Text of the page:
For us to be able to understand in mathematical terms the statement that there is a 1 in anything chance of God existing, there must be a possible world where God does in fact exist. In other words, the premise of the argument presupposes that, somewhere, God exists.

Alex Bellos, Alexâ€™s Adventures in Numberland, loc. 4574-4576

The best deal to be found in a casino is at the craps table. The game originated from a French variant of an English dice-rolling game. Players throw two dice and the outcome depends on which numbers land and how they add up. In craps, your chances of winning are 244 out of 495 possible outcomes, or 49.2929 percent, giving an expected loss of just 14.1p per Â£10 bet.

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Another way of looking at an expected loss is to consider it in terms of payback percentage. If you bet Â£10 at craps, you can expect to receive about Â£9.86 back.

Alex Bellos, Alexâ€™s Adventures in Numberland, loc. 4613-4614

In fact, we could rephrase the birthday paradox as the statement that for a 365-sided dice, after 23 throws it will be more likely than not that the dice will have landed on the same side twice.

Alex Bellos, Alexâ€™s Adventures in Numberland, loc. 4777-4778

Imagine a drunkardâ€™s walk in three dimensions. Call it the buzz of the befuddled bee. The bee starts at a point suspended in space and then flies in a straight line in a random direction for a fixed distance. The bee stops, dozes, then buzzes off in another random direction for the same distance. And so on. What is the chance of the bee eventually buzzing back into the spot where it started? The answer is only 0.34, or about a third. It was weird to realize that in two dimensions the chance of a drunkard walking back into the lamp-post was an absolute certainty, but it seems even weirder to think that a bee buzzing for ever is very unlikely ever to return home.

Alex Bellos, Alexâ€™s Adventures in Numberland, loc. 4876-4881

Events that are random under one set of information might well become non-random under a greater set of information. This is turning a maths problem into a physics one. A coin flip is random because we donâ€™t know how it will land, but flipped coins obey Newtonian laws of motion.

Alex Bellos, Alexâ€™s Adventures in Numberland, loc. 4950-4952

Events that are random under one set of information might well become non-random under a greater set of information. This is turning a maths problem into a physics one. A coin flip is random because we donâ€™t know how it will land, but flipped coins obey Newtonian laws of motion. If we knew exactly the speed and angle of the flip, the density of the air and any other relevant physical data, we would be able to calculate exactly the face on which it would land.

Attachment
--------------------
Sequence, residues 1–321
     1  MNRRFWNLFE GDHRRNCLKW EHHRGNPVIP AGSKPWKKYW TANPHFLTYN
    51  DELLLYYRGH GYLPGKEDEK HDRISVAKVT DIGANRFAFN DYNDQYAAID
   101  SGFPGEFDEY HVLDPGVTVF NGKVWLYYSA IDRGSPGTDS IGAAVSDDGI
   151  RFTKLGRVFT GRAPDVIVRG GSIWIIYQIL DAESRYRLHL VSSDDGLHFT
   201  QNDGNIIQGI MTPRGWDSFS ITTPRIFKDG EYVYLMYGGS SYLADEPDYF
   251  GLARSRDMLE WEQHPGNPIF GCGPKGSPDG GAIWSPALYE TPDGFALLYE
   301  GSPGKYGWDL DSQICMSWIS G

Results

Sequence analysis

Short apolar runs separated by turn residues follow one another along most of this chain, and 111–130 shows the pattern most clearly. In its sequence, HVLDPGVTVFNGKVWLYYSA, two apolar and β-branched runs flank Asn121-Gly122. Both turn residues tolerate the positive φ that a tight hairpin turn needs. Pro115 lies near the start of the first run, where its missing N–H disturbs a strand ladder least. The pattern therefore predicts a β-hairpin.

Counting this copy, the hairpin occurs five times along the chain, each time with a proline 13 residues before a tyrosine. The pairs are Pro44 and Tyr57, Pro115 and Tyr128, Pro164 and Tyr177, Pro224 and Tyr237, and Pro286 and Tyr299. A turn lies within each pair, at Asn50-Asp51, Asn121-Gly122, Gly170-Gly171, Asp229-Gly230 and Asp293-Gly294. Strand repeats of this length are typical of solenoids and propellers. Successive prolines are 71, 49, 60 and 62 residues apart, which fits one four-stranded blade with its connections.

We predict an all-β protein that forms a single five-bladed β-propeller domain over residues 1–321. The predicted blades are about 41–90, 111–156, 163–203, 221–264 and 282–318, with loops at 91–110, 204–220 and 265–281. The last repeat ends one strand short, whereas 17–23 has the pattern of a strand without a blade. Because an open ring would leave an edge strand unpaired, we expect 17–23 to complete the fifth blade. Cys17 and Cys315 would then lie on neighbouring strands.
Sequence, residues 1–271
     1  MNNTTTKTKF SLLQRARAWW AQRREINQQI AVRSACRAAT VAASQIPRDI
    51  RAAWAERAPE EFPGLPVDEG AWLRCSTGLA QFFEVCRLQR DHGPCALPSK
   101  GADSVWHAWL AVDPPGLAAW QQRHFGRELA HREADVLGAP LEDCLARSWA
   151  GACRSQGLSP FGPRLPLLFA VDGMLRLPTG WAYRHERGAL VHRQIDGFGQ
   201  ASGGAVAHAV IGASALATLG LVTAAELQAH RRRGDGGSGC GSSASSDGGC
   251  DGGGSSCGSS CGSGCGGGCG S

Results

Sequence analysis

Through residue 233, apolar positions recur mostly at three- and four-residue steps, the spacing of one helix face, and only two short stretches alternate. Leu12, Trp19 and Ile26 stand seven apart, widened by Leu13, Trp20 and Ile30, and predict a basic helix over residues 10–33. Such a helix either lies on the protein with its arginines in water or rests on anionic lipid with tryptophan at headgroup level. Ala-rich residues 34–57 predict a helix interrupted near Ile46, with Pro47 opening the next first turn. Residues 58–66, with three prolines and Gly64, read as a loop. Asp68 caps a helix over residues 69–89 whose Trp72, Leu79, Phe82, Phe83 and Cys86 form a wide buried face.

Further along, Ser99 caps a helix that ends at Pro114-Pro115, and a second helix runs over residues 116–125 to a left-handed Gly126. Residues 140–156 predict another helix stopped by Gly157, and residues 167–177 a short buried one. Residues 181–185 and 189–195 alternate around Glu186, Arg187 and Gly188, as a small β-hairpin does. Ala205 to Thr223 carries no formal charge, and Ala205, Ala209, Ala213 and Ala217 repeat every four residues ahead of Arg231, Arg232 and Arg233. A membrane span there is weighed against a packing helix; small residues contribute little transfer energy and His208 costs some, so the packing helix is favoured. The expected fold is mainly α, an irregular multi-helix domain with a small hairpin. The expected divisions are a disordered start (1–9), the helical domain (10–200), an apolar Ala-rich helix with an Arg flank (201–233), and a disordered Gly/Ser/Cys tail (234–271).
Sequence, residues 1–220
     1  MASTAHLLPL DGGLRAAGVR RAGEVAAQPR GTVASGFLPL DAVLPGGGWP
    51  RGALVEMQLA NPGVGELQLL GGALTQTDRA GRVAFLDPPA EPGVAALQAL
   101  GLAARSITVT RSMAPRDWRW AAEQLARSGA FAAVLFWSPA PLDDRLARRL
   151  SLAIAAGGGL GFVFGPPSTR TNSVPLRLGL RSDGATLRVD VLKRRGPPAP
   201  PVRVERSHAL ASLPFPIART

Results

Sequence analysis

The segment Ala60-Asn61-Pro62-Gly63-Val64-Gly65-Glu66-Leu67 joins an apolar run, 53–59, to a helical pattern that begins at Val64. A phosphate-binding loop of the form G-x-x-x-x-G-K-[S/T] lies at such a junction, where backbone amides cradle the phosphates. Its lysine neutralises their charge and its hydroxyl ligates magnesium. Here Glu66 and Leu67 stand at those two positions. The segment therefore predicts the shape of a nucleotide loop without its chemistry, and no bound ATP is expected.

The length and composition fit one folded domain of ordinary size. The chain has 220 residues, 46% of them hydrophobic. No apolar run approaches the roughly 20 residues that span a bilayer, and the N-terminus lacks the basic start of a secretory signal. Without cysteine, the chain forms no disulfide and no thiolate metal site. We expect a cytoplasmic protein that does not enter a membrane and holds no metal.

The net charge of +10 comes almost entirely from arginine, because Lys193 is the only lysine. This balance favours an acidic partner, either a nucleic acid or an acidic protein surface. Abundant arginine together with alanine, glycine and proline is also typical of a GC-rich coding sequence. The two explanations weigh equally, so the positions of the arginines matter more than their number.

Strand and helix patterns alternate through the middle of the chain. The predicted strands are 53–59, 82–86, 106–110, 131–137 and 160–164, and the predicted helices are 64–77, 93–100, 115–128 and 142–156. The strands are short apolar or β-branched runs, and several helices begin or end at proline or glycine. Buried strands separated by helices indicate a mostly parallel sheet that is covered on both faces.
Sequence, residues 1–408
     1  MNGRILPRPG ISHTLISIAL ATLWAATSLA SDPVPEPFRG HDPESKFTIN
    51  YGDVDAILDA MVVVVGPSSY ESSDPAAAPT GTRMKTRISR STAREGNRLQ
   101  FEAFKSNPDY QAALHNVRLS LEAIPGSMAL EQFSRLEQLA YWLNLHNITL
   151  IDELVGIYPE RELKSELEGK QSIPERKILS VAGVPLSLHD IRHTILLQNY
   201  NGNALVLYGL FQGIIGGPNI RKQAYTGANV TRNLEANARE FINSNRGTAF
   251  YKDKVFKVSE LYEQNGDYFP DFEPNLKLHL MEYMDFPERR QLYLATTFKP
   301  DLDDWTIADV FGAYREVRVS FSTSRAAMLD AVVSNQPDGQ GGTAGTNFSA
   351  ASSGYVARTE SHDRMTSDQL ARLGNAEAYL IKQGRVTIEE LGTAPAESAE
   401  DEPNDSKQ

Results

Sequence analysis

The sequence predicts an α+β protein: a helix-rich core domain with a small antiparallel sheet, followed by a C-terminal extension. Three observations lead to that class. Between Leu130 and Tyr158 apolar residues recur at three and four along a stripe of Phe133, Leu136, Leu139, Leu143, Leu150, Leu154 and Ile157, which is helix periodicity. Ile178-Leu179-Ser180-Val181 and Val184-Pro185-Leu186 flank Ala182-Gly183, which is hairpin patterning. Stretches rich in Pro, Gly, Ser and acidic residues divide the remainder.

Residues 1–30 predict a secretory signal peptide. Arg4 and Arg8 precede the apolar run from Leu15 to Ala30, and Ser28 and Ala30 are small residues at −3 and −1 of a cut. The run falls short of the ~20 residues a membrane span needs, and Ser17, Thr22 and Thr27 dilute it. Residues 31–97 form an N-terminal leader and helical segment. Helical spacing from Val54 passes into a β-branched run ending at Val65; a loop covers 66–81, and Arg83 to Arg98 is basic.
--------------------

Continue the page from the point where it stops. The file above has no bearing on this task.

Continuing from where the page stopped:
Alex Bellos, Alexâ€™s Adventures in Numberland, loc. 4950-4953

Two of them, Fischer Black and Myron Scholes, created the Black-Scholes formula indicating how to price financial derivatives â€“ Wall Streetâ€™s most famous (and infamous) equation.

Alex Bellos, Alexâ€™s Adventures in Numberland, loc. 5090-5091

His follow-up book, Beat the Market, helped transform securities markets.

Alex Bellos, Alexâ€™s Adventures in Numberland, loc. 5093-5094

Yet my poor forecasting record did not diminish my belief that I was indeed an expert in baguette-assessing. It was, I reasoned, the same self-delusion displayed by sports and financial pundits who are equally unable to predict random events, and yet build careers out of it. Perhaps

Alex Bellos, Alexâ€™s Adventures in Numberland, loc. 5156-5158

In â€˜Cutting a Round Cake on Scientific Principlesâ€™ Galton marked intended cuts as broken straight lines, and cuts as solid lines. This method minimizes exposing the insides of the cake to become dry, which would happen if one cuts a slice in the traditional (and, he concludes, â€˜very faultyâ€™) way. In the second and third stages the cake is to be held together with an elastic band.

Alex Bellos, Alexâ€™s Adventures in Numberland, loc. 5247-5250

Pascalâ€™s can be constructed much more simply than by working out the distributions of randomly falling balls through a Victorian bean machine. Start with a 1 in the first row, and under it place two 1s so as to make a triangle shape. Continue with subsequent rows, always placing a 1 at the beginning and end of the rows. The value of every other position is the sum of the two numbers above it.

Alex Bellos, Alexâ€™s Adventures in Numberland, loc. 5345-5348

There is only one combination of three items: mango, lychee, banana. If we want to select only two fruits, we can do this in three different ways: mango and lychee, mango and banana, lychee and banana. There are also only three ways of taking the fruit individually, which is each fruit on its own. The final option is to select zero fruit, and this can happen in only one way. In other words, the number of combinations of three different fruits produces the string 1, 3, 3, 1 â€“ the third line of Pascalâ€™s triangle.

Alex Bellos, Alexâ€™s Adventures in Numberland, loc. 5385-5389

The coefficients of the individual terms are the rows of Pascalâ€™s triangle. (x + y)2 = x2 + 2xy + y2 (x + y)3 = x3 + 3x2y + 3xy2 + y3 (x + y)4 = x4 + 4x3y + 6x2y2 + 4xy3 + y4

Alex Bellos, Alexâ€™s Adventures in Numberland, loc. 5398-5406

economist Nassim Nicholas Talebâ€™s position in his bestselling book The Black Swan is that we have tended to underestimate the size and importance of the tails in distribution curves.